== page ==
267. Angels are capable of receiving such wisdom because their interiors are open; and wisdom, like every other perfection, increases towards the interiors, thus to the extent that interiors are opened.# In every angel there are three degrees of life, corresponding to the three heavens (see n. 29-40)- those in whom the first degree has been opened are in the first or outmost heaven; those in whom the second degree has been opened are in the second or middle heaven; while those in whom the third degree has been opened are in the third or inmost heaven. The wisdom of angels in the heavens is in accordance with these degrees. Therefore the wisdom of the angels of the inmost heaven immeasurably surpasses the wisdom of angels of the middle heaven, and the wisdom of these immeasurably surpasses the wisdom of angels of the outmost heaven (see above, n. 209, 210; and what degrees are, n. 38). There are such differences because the things which are in the higher degree are particulars, and those in the lower degree are generals, and generals are containants of particulars. Particulars compared with generals are as thousands or myriads to one; and such is the wisdom of the angels of a higher heaven compared with the wisdom of the angels of a lower heaven. In like manner the wisdom of the latter surpasses the wisdom of man, for man is in a bodily state and in those things that belong to the bodily senses, and man's bodily sense belongs to the lowest degree. This makes clear what kind of wisdom those possess who think from things of sense, that is, who are called sensual men, namely, that they have no wisdom, but merely knowledge.## But it is otherwise with men whose thoughts are raised above the things of sense, and especially with those whose interiors have been opened even into the light of heaven.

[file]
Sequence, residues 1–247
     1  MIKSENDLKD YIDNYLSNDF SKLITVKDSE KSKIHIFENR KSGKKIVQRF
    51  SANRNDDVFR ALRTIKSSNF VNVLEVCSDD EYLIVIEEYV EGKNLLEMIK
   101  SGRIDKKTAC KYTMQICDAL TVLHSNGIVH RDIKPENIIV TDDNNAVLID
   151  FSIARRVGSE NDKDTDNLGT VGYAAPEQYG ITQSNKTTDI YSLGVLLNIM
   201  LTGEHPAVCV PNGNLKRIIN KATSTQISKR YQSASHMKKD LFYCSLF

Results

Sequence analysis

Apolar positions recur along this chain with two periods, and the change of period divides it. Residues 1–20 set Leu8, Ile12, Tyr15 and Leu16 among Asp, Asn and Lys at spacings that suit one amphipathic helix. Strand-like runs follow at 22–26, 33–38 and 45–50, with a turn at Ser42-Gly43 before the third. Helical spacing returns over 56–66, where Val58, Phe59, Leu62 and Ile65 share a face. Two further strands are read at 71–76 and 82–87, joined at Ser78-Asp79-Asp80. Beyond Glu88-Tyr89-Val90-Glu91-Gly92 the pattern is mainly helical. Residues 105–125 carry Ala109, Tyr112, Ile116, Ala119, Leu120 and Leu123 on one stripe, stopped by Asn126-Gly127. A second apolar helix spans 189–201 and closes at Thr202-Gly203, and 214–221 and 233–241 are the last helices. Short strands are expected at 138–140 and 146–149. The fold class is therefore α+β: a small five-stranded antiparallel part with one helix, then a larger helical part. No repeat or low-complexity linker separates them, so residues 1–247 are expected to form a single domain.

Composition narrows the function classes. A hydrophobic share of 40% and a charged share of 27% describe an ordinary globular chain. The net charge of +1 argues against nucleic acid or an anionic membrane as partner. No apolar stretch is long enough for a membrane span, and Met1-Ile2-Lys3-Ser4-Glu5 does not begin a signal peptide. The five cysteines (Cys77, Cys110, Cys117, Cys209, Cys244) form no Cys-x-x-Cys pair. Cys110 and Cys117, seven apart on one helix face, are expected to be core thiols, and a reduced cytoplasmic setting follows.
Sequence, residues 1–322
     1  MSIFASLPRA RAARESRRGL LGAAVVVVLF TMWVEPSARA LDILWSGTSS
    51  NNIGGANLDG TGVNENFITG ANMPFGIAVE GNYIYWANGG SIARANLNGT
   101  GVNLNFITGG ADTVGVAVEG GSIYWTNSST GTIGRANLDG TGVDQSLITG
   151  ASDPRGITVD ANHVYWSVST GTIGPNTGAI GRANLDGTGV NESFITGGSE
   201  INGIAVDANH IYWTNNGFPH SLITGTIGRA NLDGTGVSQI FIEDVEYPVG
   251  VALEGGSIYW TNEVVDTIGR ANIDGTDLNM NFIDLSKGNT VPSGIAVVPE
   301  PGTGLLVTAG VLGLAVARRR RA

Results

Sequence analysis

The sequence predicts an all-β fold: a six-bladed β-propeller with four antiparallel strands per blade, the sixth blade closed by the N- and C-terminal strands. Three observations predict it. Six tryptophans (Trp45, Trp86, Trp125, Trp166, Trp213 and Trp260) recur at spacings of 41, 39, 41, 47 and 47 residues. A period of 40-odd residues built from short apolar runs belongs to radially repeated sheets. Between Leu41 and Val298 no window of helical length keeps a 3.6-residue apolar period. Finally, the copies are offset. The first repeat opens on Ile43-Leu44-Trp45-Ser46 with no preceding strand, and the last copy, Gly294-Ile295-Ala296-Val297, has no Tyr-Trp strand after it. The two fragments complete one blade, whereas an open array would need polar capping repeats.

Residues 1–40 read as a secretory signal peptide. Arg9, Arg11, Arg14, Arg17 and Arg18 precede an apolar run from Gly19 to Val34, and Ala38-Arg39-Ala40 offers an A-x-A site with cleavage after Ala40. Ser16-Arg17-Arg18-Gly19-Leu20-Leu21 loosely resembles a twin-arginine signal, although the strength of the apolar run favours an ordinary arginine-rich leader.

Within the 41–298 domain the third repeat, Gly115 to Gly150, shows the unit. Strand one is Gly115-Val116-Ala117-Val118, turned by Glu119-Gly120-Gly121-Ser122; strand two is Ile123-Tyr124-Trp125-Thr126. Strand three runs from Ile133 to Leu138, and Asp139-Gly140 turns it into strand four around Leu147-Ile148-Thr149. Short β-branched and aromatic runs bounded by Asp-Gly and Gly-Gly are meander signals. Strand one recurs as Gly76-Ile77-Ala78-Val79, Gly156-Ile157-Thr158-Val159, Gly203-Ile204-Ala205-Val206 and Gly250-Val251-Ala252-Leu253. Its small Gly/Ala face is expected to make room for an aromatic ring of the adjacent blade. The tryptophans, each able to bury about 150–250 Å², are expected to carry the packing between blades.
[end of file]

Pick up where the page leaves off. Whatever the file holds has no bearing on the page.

# So far as man is raised up from outward towards inward things he comes into light, that is, into intelligence (n. 6183, 6313).
There is an actual elevation (n. 7816, 10330).
Elevation from outward to inward things is like elevation out of a mist into light (n. 4598).
As outer things in man are farther removed from the Divine they are relatively obscure (n. 6451).
Likewise relatively confused (n. 996, 3855).
Inner things are more perfect because they are nearer to the Divine (n. 5146, 5147).
In what is internal there are thousands and thousands of things that appear in what is external as one general thing (n. 5707).
Consequently as thought and perception are more interior they are clearer (n. 5920).
## The sensual is the outmost of man's life adhering to and inhering in his bodily part (n. 5077, 5767, 9212, 9216, 9331, 9730).
He is called a sensual man who judges all things and draws all his conclusions from the bodily senses, and believes nothing except what he sees with his eyes and touches with his hands (n. 5094, 7693).
Such a man thinks in externals, and not interiorly in himself (n. 5089, 5094, 6564, 7693).
His interiors are so closed up that he sees nothing of spiritual truth in them (n. 6564, 6844, 6845).
In a word, he is in gross natural light and thus perceives nothing that is from the light of heaven (n. 6201, 6310, 6564, 6598, 6612, 6614, 6622, 6624, 6844, 6845).
Interiorly he is antagonistic to the things of heaven and the church (n. 6201, 6316, 6844, 6845, 6948, 6949).
The learned who have confirmed themselves against the truths of the church come to be such (n. 6316).
Sensual men are more cunning and malicious than others (n. 7693, 10236).
They reason keenly and cunningly, but from the bodily memory, in which they place all intelligence (n. 195, 196, 5700, 10236).
But they reason from the fallacies of the senses (n. 5084, 6948, 6949, 7693).